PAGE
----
- Development & Aid
- Economy & Trade
- Human Rights
- Global Governance
- Civil Society
Friday, December 9, 2016
- Although many believe it’s a mission impossible, the Colombian government of Juan Manuel Santos is prepared to use all necessary resources to return their land to some four million peasants displaced by the war, and guarantee intensive use of the country’s arable land, as part of an ambitious agricultural policy.
Despite the enormous difficulties it faces, there are two reasons that make this policy one of the top priorities of the administration of conservative President Santos, who took office in August.
In first place, “it is an essential factor for growth and development,” as columnist León Valencia wrote in the El Espectador newspaper.
And secondly, it is a sine qua non for the success of any peace programme, in a country caught in the grip of civil war for nearly five decades. “The international community, United Nations agencies, the Organisation of American States — all are fully aware that this issue will decide the future of the country,” said Christian Salazar, head of the United Nations human rights office in Colombia.
Both economic development and peace become impossible dreams when they run up against the long-standing problems of land dispossession and heavy concentration of rural property in Colombia.
The resulting situation is clearly illustrated by the statistics: in 1984, 32 percent of the land was in the hands of just 0.55 percent of landowners, while 85 percent of the country’s farmers had less than 15 percent of the land.
The new government’s proposals are aimed at redressing injustices. A bill on “land restitution” would require the current landowners to prove ownership by showing legal documents, and under another bill, the state would acquire land to be used immediately in the land restitution programme.
The coordination of these programmes with operations of territorial control is to guarantee the safety of peasant farmers. In recent years, 41 rural leaders involved in the struggle to reclaim seized land have been murdered.
But this is an old war. It appeared to be over when President Alfonso López Pumarejo (1934-1938 and 1942-1945) passed an agrarian reform law in 1936, which stated that private property had a social function to fulfill, and authorised the state to expropriate idle land. The law did not, however, actually manage to modify the structure of rural property.
Decades of violence stimulated a 1961 land reform, and in 1968 President Carlos Lleras Restrepo (1966-1970) pushed through an agrarian reform programme that was cut short in 1973, under the government of Misael Pastrana (1970-1974), by the Chicoral Pact, an agreement between the traditional parties and landowners’ associations that put an end to land redistribution efforts.
Since then, government policies have failed to modify the land ownership structure. And the mass displacement of peasant farmers over the past two decades, as they have been forced off their farms by far-right paramilitary militias and drug trafficking groups, has further aggravated the situation.
The power of the “terrateniente” or wealthy landowner has been respected by the authorities, but will now be confronted by Santos and Agriculture Minister Juan Camilo Restrepo.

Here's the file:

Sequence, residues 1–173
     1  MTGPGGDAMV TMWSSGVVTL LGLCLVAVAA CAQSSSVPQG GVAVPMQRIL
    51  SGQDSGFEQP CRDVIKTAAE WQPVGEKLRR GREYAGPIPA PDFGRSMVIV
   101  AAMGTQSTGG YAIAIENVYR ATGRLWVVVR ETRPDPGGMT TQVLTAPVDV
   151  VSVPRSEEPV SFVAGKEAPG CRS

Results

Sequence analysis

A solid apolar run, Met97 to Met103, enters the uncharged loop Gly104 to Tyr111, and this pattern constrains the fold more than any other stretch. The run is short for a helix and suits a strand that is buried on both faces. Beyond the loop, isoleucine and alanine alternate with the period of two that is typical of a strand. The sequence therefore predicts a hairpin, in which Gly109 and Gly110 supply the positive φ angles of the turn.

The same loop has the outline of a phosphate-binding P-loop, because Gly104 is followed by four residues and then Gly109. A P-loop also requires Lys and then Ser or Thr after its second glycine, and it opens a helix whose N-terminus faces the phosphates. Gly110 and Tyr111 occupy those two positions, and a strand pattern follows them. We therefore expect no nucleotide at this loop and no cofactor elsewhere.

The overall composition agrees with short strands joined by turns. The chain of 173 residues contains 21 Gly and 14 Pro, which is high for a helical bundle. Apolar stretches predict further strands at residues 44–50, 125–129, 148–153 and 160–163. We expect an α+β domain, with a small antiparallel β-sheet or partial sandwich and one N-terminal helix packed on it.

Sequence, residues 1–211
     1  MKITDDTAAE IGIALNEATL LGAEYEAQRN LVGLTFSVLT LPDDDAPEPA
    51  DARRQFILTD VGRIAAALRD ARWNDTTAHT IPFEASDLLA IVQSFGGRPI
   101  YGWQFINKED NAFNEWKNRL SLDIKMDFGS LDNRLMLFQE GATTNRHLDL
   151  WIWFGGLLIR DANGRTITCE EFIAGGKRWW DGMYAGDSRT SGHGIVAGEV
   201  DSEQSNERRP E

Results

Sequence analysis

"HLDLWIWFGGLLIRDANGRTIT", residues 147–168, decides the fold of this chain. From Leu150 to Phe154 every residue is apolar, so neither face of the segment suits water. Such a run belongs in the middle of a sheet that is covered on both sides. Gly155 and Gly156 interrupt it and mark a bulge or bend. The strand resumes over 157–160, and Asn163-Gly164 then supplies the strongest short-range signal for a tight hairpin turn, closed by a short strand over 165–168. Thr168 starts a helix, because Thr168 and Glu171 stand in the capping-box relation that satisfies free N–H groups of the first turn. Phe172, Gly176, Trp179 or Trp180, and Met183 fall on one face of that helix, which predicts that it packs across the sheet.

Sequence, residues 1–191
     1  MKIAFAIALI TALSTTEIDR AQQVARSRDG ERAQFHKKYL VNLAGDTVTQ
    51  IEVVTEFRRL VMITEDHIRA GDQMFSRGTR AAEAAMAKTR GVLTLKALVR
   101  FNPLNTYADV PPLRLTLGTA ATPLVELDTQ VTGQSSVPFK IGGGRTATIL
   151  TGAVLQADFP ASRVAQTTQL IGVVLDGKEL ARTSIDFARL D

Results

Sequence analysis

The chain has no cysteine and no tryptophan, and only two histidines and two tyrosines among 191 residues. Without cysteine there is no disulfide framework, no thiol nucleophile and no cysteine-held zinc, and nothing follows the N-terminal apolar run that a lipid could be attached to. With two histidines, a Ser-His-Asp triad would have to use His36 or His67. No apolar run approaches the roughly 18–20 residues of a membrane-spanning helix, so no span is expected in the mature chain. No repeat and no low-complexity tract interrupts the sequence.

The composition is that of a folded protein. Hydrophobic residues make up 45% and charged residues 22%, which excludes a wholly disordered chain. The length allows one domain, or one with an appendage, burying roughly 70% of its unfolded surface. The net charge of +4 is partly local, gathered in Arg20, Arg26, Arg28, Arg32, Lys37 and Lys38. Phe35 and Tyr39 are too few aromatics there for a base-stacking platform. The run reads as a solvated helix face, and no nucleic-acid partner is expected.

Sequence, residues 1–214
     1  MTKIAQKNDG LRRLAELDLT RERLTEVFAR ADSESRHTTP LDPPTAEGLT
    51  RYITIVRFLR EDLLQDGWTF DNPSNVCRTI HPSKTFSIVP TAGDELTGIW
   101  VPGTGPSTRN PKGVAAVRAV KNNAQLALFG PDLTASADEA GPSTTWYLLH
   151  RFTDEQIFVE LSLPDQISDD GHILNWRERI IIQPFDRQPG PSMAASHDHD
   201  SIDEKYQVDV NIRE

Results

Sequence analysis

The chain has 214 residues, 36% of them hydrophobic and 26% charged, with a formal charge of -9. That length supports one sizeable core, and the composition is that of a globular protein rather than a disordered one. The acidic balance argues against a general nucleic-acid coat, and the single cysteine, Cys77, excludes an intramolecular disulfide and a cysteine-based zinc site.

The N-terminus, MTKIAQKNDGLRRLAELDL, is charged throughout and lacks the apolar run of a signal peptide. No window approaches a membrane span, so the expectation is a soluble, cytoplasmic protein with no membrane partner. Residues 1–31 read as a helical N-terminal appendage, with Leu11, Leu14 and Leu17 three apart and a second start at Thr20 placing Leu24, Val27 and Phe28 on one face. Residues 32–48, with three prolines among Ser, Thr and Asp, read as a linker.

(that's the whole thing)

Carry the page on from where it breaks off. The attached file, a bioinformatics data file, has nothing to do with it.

The bill on land restitution has one novel aspect that is key to removing one of the biggest obstacles facing peasants in their struggle to reclaim their land: up to now, the burden of proof of demonstrating land ownership fell on the farmers who were forced off their land by violence, threats or deception.
But most poor campesinos do not hold legal title to their land, which has been passed down for generations.
The new law, by contrast, would require the current owners to prove that they legally acquired the land.
The second bill would speed up slow legal cases to allow the government to gain possession of some 130,000 hectares of land in the hands of drug traffickers who are currently facing prosecution or are in jail.
But the most difficult part of this complex, obstacle-strewn process is guaranteeing the safety of campesinos who dare to return despite the threats from new “owners” who back their shady claims to ownership with weapons.
Those who predict that the process will fail do so based on past and present events that show that any attempt at modifying the land ownership structure in Colombia leads to violence.
Salazar, the UN representative, is not optimistic: “It will be a very tough fight, and we can expect strong reactions.
“Above and beyond the political agreements reached and the specifics, we see implementation as the most complex aspect,” he said. “There will be a difficult phase of negotiations, characteristic of a democracy. But afterwards the law must be enforced, and from the experience of years we know that in the places where the greatest efforts are made to restore property (to the original owners), there is more violence, and the threats are constant.”
But Valencia wrote that “it is a condition for reconciliation. An agrarian programme was the banner waved by Manuel Marulanda (the leader of the Revolutionary Armed Forces of Colombia or FARC, who died in 2008) to win thousands of campesinos over to the armed uprising of the 1960s.
“It was also the call to campesinos voiced by Father Camilo Torres, at the emergence of the ELN,” the National Liberation Army, the second-biggest rebel group, to which the columnist himself used to belong.
Santos’s agrarian reform policy has another aim: reduce the land dedicated to cattle ranching, which currently amounts to 38 million hectares. By the end of his four-year term, only 20 million hectares should be used for that purpose, according to Agriculture Minister Restrepo.
The other 18 million hectares should be under crop cultivation, which currently only takes place on 3.7 million hectares of land.